Pakistani Refugees In Kashmir Demand Rehabilitation Package

27 April 2008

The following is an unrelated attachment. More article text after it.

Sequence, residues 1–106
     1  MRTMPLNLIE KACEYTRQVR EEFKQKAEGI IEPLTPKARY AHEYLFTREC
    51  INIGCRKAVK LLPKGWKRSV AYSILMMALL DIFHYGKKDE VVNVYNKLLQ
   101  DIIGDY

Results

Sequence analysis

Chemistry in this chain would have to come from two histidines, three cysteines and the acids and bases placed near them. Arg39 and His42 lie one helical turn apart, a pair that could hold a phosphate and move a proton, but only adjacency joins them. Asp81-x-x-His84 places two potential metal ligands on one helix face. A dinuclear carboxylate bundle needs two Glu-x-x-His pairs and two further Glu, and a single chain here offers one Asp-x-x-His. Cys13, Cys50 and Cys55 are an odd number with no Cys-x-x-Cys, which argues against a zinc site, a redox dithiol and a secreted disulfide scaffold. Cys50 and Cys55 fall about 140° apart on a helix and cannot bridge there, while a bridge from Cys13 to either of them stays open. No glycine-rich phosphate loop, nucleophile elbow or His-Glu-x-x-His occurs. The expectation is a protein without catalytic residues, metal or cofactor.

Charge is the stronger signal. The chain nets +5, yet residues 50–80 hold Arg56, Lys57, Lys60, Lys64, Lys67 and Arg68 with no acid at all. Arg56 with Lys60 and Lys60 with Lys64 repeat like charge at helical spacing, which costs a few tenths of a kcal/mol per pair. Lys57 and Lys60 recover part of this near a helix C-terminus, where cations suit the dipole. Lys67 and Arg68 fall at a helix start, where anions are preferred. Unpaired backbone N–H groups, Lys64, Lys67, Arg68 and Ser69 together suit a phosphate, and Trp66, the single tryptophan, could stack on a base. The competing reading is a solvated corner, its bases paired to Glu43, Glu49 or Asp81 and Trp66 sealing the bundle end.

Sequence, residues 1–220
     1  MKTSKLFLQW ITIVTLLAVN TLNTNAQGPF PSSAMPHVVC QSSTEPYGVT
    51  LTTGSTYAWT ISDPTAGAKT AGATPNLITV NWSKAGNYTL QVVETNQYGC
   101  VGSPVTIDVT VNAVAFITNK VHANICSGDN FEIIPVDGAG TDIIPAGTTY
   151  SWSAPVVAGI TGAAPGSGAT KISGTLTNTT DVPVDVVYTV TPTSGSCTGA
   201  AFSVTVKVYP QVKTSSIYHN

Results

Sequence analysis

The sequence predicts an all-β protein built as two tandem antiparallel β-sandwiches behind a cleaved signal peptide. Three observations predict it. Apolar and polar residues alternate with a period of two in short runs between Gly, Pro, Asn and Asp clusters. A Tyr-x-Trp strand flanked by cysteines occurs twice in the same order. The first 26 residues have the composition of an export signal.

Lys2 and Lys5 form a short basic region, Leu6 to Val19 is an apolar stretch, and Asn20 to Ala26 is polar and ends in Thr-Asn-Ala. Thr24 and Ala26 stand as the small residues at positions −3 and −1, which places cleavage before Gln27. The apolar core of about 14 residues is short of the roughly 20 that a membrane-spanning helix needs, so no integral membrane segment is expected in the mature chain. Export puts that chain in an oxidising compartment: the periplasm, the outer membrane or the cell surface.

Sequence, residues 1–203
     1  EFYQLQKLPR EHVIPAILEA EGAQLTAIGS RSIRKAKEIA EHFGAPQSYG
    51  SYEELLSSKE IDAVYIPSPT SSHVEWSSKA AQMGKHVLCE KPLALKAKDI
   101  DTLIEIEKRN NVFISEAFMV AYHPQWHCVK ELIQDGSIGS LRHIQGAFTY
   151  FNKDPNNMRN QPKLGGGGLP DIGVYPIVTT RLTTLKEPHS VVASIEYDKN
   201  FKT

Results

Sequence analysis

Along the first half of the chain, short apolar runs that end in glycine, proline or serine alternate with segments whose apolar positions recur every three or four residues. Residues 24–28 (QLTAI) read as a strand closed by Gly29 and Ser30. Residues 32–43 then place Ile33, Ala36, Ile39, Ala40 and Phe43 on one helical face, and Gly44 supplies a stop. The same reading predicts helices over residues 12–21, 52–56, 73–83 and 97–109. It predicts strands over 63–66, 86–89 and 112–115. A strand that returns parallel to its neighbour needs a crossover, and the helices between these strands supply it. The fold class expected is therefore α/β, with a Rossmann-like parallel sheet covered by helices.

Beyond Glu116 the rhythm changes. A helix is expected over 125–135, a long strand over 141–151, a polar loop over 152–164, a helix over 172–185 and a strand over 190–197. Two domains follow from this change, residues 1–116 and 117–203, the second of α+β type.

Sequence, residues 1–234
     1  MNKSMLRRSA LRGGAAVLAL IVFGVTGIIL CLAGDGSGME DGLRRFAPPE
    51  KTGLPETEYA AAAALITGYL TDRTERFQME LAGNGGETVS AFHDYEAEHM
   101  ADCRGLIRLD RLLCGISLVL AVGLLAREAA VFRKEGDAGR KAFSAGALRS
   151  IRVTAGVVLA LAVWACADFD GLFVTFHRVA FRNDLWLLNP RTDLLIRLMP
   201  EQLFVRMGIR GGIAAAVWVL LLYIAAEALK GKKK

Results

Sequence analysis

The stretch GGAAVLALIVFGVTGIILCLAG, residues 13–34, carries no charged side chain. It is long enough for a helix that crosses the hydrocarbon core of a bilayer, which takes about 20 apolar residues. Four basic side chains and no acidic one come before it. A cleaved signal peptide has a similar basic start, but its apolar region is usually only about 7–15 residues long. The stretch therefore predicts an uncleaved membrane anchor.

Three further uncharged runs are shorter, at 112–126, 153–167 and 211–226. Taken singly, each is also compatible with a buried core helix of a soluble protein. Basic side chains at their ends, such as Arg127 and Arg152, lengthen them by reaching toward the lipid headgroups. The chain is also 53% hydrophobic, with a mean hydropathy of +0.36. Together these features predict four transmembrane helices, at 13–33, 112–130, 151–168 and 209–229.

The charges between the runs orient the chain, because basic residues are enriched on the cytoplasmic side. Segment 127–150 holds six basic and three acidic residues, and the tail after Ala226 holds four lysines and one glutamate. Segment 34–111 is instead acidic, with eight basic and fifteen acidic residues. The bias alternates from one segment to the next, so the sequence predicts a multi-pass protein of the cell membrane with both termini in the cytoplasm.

Jammu: Pakistani refugees settled in Jammu and Kashmir demand a similar rehabilitation package as Prime Minister Manmohan Singh last week announced for the migrant Kashmiri Hindus. “There is nothing for the PoK (Pakistan occupied Kashmir) refugees,” said Rajiv Chuni, leader of SOS, an organization working for the refugees who came down to Jammu in 1947 in the wake of the tribal invasion and India-Pakistan partition. “This is a mockery that our fate still remains undecided,” Chuni said. “If the prime minister thought it appropriate to have measures for resettlement of the Kashmiri Pandits in the land of their grandparents, we, too, are entitled to similar concessions and relief. “If we cannot be settled back in our homes, now in PoK, let’s be compensated adequately,” he demanded. Manmohan Singh, during his visit to the state Friday, announced a whopping Rs.1,600 crore (Rs.16 billion) package for the return, employment and rehabilitation of the Kashmiri Hindus, who left the Kashmir Valley in 1990 after an armed separatist movement erupted there. The Pakistani refugees, settled in the border belt of Jammu and Kathua districts, have been demanding citizenship rights in the state. They have been told that citizenship was not possible because of the special status of Jammu and Kashmir under Article 370, which prohibits non-permanent residents to vote, seek jobs and professional education or to purchase immovable property. The prime minister, however, has promised them they would get employment opportunities, admission to professional institutions outside the state and bank loans without the provision of land mortgage applying to them. Said one of the refugees Ram Lubhiya: “When our children don’t get the chance to study, how would they make it to the professional institutions or jobs.” Even the migrant Kashmiri Pandit organizations have found the PM’s package “inadequate”. They contend that the promised grant of Rs.750,000 or waiving of loans and continuation of the monthly relief amount have strings attached to them - their return to the Kashmir Valley where, they feel, the situation is yet to become conducive to their return.